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what i learned from preaching on job – andrew lim


Expounding Job is admittedly intimidating. The book defies easy understanding. The author utilises a spectrum of literary genres, similes and metaphors. The book contains such philosophical and theological perplexities as human suffering and the apparent malevolent ways of a benevolent God. Further, interpreting the many speeches of Job’s friends demands that the preacher sniff out those speeches that appear theologically sound but are either inherently flawed or proffered too simplistically to Job.

Yet for the following reasons, this book needs to be preached.

  • It is part of the “whole counsel of God”.
  • Our self-absorbing narcissistic culture and our spirit of self-sufficiency need to be humbled by a God whose knowledge none can fully plumb and whose purpose none can thwart.
  • The prevailing health and wealth gospel needs a biblical rebuttal.
  • Suffering Jobs are present everywhere and, in preaching this book you’ll likely be preaching to someone who is a Job or who knows of a Job.

How then shall we preach this book?

I have found the following disciplines helpful:


Job is more than a biblical response to the problem of theodicy. Only in grasping the flow of the entire book will the preacher develop a sound interpretive framework to expound it. Until you read the whole book through, you’ll stumble on numerous passages for which you’ll virtually have no topography on the map.


No single preacher has the breadth of wisdom and discernment to grasp the depth of Job’s message. We would do well to consult the finest commentaries. I’ve personally found Strachan, Gibson, Genung, Thomas, and McKenna to be invaluable.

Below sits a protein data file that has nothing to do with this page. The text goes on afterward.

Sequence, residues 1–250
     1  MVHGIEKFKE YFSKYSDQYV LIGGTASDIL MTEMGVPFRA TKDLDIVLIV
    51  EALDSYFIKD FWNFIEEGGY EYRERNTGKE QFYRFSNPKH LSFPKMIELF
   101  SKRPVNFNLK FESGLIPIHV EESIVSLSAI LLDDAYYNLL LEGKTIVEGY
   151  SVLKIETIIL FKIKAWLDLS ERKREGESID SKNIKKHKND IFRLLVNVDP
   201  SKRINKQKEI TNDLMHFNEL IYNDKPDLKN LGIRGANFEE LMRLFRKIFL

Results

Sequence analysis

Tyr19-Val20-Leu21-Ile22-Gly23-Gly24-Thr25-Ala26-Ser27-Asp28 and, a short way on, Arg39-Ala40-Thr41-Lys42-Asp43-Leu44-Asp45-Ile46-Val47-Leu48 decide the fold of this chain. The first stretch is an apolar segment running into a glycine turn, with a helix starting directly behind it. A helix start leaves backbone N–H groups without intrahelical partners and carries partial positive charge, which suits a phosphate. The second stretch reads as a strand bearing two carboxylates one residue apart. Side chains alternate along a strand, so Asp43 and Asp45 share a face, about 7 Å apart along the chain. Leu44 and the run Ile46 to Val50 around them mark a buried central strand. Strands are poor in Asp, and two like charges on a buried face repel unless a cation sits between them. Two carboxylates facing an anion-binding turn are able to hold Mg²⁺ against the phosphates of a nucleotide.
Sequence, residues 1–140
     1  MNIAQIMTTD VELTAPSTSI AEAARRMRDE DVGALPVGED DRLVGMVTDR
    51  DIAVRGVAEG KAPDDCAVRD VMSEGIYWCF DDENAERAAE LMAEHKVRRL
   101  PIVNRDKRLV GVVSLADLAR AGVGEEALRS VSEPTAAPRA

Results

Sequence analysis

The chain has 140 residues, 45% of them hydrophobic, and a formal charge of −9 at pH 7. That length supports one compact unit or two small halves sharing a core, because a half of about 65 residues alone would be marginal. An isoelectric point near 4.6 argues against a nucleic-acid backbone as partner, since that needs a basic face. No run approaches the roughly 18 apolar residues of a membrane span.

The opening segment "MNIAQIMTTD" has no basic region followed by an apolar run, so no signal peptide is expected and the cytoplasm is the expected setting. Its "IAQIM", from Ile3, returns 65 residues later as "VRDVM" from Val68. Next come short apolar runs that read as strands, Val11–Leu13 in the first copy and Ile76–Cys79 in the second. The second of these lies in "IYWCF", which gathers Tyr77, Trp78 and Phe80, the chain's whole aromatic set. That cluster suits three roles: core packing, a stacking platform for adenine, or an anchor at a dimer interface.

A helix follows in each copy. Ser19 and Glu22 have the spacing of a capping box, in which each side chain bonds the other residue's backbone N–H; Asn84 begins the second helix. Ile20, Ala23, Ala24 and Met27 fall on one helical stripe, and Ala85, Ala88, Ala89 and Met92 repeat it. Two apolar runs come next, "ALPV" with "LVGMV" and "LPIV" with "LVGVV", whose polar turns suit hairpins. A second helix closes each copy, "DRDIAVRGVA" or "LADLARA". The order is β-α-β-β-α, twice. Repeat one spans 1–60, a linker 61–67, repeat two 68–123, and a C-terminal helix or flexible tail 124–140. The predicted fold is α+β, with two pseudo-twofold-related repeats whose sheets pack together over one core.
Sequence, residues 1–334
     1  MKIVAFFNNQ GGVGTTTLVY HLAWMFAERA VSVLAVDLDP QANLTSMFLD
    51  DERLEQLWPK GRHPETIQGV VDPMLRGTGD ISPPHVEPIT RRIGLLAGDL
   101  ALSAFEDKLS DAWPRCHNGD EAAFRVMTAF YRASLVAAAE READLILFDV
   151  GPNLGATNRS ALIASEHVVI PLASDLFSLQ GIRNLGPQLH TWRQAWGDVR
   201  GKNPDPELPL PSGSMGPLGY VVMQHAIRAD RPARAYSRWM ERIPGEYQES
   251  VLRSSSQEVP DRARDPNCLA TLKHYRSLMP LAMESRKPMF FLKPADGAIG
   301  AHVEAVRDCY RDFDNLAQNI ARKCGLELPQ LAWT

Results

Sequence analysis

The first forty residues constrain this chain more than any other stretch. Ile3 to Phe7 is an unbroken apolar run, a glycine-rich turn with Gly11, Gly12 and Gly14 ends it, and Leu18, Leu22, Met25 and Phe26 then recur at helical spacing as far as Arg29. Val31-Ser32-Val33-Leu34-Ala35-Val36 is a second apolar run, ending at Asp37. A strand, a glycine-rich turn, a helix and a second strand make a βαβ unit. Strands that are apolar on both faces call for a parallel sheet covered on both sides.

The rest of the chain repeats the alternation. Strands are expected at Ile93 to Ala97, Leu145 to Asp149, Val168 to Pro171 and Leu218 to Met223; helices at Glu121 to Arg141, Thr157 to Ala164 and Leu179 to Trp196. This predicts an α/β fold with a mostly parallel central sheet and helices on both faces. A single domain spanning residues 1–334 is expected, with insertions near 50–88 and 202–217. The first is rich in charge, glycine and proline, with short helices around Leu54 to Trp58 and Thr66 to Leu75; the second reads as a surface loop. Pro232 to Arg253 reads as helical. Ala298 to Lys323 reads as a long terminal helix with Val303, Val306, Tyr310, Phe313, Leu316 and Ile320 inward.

Some of God’s titanic truths are most effectively freighted to us through the vehicles of music, art and poetry, like The Messiah and The Return of the Prodigal Son. The writer of Job has 39 chapters in poetry partly because he is not content with spitting out propositional truths about suffering. He wants us to feel the throes of Job’s affliction. And for that we need to work at transfiguring those poetic passages so they connect with the aching angst in the human heart.


When God finally breaks his long silence, the purpose for the book starts to emerge. But to the end Job receives no explanation for his pain. Neither do we see any evidence of God ever giving him one. Instead God throws a barrage of questions at Job to help him see His sovereignty in all of life. And though suffering remains enigmatic to Job, he comes to see that suffering is neither random nor punitive; and that God is God and he is not.


If the book paints a portrait of a patient saint, it also paints a portrait of a headstrong sufferer. Job vacillates between the desire to yield and the temptation to dissent; between faith and anxiety; repose and terror. The average person in the pew can identify herself with him. Exploit those passages which depict Job’s anguish and ire. Openly address the heart-wrenching agony of human sorrow.

It is one thing to exegete Job satisfactorily with diligence; it is another thing to instill hope and inspire worship through it. This calls for prayer for a sensitive spirit.

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